More and more, I’m seeing ethical businesses grow. My latest obsession comes in the form of apps – there’s a lot of power behind a service that’s quite literally in the palm of your hand anytime you want.
Over the last few months, I’ve been trying out different ethical apps that predominantly change the way I shop. This covers shopping for beauty products, clothes, and even meals. Here’s a list of my favourites, detailing the good they do and how they’ll improve your buying habits considerably too.
Got lots of stuff that you don’t use? Want to be more charitable? Buengo is a soon to be launching app that lets you sell your stuff and donate your takings to charitable causes – providing a new way to gain breathing space and support causes without dipping into your pocket. Co-founder Fela Hughes says “Buengo makes supporting good causes while living more ethically as easy as possible. We want people to discover local causes while they’re waiting for the bus, browse items while they sip their morning coffee and post something for sale while they wait for their dinner to cook.” Sounds good to me!
Want to book a restaurant? Why not give to charity while you do so – at no cost to yourself, at all? Charitable Bookings will help you to find a restaurant, book, and donate £1 to charity for every person who attends. I used the app for a recent trip to Bronté, and I only had to confirm with Charitable that my booking had been made. The app has over 7,500 UK charities you can donate to, and it also works for hotel bookings (£1 per person, per night) as well as providing added extras such as recipes and tips.
Available on iOS | Free
In my eyes, Farmdrop is the natural digital progression of a veg box scheme. The app connects people in London, Bath and Brighton with produce from local growers and suppliers, bakeries, butchers, and delis. This direct connection means that while the prices are the same as on the high street, more money goes to the producers’ pockets, rather than supermarkets taking a hefty cut.
Remember when Airbnb seemed so revolutionary? Fat Lama is applying the same concept with physical items, enabling users to borrow stuff when they want, and rent their items out to make income too. The app detects your location, and then links you to available items in your area. Examples of items I’ve seen on there: camera equipment, skis, guitars, bikes, a camper van…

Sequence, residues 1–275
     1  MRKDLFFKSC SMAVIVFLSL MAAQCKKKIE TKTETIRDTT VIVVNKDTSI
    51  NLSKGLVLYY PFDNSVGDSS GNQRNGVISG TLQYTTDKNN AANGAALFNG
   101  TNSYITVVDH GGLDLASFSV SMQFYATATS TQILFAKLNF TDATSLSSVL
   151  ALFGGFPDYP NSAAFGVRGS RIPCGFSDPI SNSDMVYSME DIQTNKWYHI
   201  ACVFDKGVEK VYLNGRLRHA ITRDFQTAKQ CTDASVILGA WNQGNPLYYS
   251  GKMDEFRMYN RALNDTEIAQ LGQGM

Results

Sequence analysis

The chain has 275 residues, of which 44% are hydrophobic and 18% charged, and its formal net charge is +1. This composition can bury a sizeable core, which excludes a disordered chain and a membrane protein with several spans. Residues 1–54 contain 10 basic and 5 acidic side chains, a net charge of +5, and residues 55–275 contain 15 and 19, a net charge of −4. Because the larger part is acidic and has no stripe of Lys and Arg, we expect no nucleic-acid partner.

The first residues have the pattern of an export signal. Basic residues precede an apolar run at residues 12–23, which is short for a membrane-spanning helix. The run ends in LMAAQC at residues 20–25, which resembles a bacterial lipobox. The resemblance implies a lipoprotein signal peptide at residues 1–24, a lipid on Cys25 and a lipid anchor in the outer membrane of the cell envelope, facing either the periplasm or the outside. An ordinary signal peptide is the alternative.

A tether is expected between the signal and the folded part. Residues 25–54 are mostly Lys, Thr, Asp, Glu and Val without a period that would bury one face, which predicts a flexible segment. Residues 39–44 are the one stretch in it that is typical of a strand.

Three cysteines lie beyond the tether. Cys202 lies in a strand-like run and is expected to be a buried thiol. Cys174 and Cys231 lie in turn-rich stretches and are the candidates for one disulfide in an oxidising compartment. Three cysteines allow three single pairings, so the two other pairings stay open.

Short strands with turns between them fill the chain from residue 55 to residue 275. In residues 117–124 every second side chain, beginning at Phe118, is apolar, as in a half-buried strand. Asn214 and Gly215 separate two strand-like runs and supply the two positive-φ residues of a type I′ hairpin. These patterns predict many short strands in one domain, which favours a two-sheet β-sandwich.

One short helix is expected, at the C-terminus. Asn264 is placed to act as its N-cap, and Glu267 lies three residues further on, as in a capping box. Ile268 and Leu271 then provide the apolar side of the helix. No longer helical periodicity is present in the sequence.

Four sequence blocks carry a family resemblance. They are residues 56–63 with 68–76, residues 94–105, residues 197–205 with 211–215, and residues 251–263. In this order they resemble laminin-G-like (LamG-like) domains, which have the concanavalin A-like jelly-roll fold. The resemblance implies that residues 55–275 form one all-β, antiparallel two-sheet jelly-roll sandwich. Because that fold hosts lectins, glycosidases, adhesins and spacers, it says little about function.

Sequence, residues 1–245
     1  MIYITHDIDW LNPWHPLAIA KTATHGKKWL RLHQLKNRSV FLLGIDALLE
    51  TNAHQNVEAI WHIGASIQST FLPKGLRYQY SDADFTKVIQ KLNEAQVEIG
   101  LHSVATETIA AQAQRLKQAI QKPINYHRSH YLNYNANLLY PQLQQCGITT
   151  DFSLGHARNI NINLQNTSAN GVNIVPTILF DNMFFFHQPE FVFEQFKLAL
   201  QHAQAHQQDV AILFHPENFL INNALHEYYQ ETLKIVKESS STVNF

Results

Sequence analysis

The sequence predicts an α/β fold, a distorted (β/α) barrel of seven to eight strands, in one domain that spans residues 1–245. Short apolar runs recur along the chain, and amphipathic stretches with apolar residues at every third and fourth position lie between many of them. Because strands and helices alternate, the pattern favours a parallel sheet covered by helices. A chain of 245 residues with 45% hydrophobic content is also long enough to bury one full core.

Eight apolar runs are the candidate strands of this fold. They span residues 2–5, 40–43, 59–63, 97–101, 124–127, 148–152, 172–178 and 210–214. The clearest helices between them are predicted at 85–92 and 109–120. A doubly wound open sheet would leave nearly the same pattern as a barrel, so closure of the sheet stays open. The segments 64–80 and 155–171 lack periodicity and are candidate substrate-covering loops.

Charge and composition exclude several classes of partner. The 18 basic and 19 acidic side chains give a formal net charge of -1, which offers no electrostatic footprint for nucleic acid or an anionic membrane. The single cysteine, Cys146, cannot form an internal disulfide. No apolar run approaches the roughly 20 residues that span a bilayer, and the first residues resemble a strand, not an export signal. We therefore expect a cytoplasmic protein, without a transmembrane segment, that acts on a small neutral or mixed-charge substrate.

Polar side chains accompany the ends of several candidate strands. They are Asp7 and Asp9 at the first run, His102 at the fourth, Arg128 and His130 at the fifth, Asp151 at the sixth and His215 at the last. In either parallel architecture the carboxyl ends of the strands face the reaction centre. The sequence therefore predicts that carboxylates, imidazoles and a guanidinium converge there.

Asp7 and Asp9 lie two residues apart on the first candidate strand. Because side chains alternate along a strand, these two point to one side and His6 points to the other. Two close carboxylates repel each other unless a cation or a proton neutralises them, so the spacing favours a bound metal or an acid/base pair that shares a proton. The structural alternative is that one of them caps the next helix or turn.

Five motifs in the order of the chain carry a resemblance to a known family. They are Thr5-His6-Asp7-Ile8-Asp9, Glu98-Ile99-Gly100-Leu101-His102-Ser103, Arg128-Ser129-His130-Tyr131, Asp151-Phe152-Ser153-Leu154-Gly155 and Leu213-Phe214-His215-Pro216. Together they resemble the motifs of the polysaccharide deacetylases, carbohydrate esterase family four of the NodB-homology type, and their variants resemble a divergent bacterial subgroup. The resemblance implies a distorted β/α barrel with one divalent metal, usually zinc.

Available on iOS | Free
So, you know which ethical fashion brands you want to shop from. You might not need ratings, or information; you want to shop. The Faer app is for you, displaying clothes uniquely from fair fashion labels that match your searching. They also take advantage of the power of your phone, enabling voice searching and image searching via screenshots.
The Lablaco GIVE app is the first app to connect users geographically who are looking to give away their clothes. The app feels kind of like a clothes swap you’d have at university, or with a group of friends, but instead these are your neighbours. While it’s a great concept, I am a little off-put by the fact that it has a sister app, Lablaco SHOP, which undoes the idea of stopping fashion waste, and my god you have to give the app a lot of personal information before you sign up.
Good On You
As someone who delved into ethical fashion head first a few years ago, I would have sure been happy to find the Good On You app! You can use the app to check your favourite brands to see their ethics rating, and also discover the cream of the crop when it comes to ethical producers, as well as see their offers and discounts using the app. Pretty clever.
I first came across the Environmental Working Group (EWG) when I was searching up beauty product ingredients (yes, I used to look up almost everything in all my products… I’ve now made that more efficient by avoiding these 25 harmful beauty ingredients). Their Skin Deep database is brilliant when it comes to rating individual ingredients, as well as products and brands. This has now been expanded into the EWG Healthy Living app that not only covers beauty, but also food too.
Not My Style
Available on iOS | Free
I’ve been a fan of Not My Style for a long while now; theirs is a clever app that rates fashion brands by the information they provide on the workers who make their clothing. It’s quite simple – the more transparency a brand provides, the better the rating. For users located in London, they can also use the app on the go, with ratings across the city and a map function that tracks you as you shop. And the final stroke of genius: the app enables you to also send templated messages on Twitter or Facebook to the brands who don’t get a great rating, asking them why. #WhoMadeMyClothes at the click of a button!
Want to reduce food waste? Olio is the perfect app for you, whether you’re looking to make use of someone’s leftovers, or help a local shop to put their surplus stock to good use. Just like that sticky note you’d put on your fridge for your flatmates, you can advertise any food going spare in your pantry, and have someone pick it up from your house. Nice!
Too Good To Go
If shopping in someone’s else’s pantry isn’t your thing, but you wouldn’t mind helping your local takeaway reduce its food waste (I mean, hello, cheap Chinese food anyone?), Too Good To Go is the app you should download. As a Londoner, I’m surrounded by options any time of the day, and I can pay a set fee to the restaurant or café in question to receive a box full of food.
What’s In It?
Available on Chrome
I wanted to give an honourable mention to What’s In It, a browser extension that’s currently crowdfunding (until today, please support them!) that will help you make great nutritional swaps for items you usually buy. For example, instead of a jar of Nutella, they would recommend JimJams Spreads, a healthier alternative that comes in a recyclable glass jar too.
Photo credit: STIL